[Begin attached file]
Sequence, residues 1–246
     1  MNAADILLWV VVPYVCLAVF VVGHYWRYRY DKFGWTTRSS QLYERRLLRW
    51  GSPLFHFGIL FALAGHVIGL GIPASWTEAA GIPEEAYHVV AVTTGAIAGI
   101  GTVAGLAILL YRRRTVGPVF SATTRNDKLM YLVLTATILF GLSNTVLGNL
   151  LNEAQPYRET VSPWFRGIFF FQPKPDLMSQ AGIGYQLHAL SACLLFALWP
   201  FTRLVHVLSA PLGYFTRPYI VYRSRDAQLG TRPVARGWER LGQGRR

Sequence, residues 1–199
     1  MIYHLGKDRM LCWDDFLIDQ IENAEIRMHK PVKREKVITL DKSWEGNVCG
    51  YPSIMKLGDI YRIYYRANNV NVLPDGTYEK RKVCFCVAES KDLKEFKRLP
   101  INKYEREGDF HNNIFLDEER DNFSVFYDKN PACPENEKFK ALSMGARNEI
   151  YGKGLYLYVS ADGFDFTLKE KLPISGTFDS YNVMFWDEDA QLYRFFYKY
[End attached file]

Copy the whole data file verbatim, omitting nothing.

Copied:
Sequence, residues 1–246
     1  MNAADILLWV VVPYVCLAVF VVGHYWRYRY DKFGWTTRSS QLYERRLLRW
    51  GSPLFHFGIL FALAGHVIGL GIPASWTEAA GIPEEAYHVV AVTTGAIAGI
   101  GTVAGLAILL YRRRTVGPVF SATTRNDKLM YLVLTATILF GLSNTVLGNL
   151  LNEAQPYRET VSPWFRGIFF FQPKPDLMSQ AGIGYQLHAL SACLLFALWP
   201  FTRLVHVLSA PLGYFTRPYI VYRSRDAQLG TRPVARGWER LGQGRR

Sequence, residues 1–199
     1  MIYHLGKDRM LCWDDFLIDQ IENAEIRMHK PVKREKVITL DKSWEGNVCG
    51  YPSIMKLGDI YRIYYRANNV NVLPDGTYEK RKVCFCVAES KDLKEFKRLP
   101  INKYEREGDF HNNIFLDEER DNFSVFYDKN PACPENEKFK ALSMGARNEI
   151  YGKGLYLYVS ADGFDFTLKE KLPISGTFDS YNVMFWDEDA QLYRFFYKY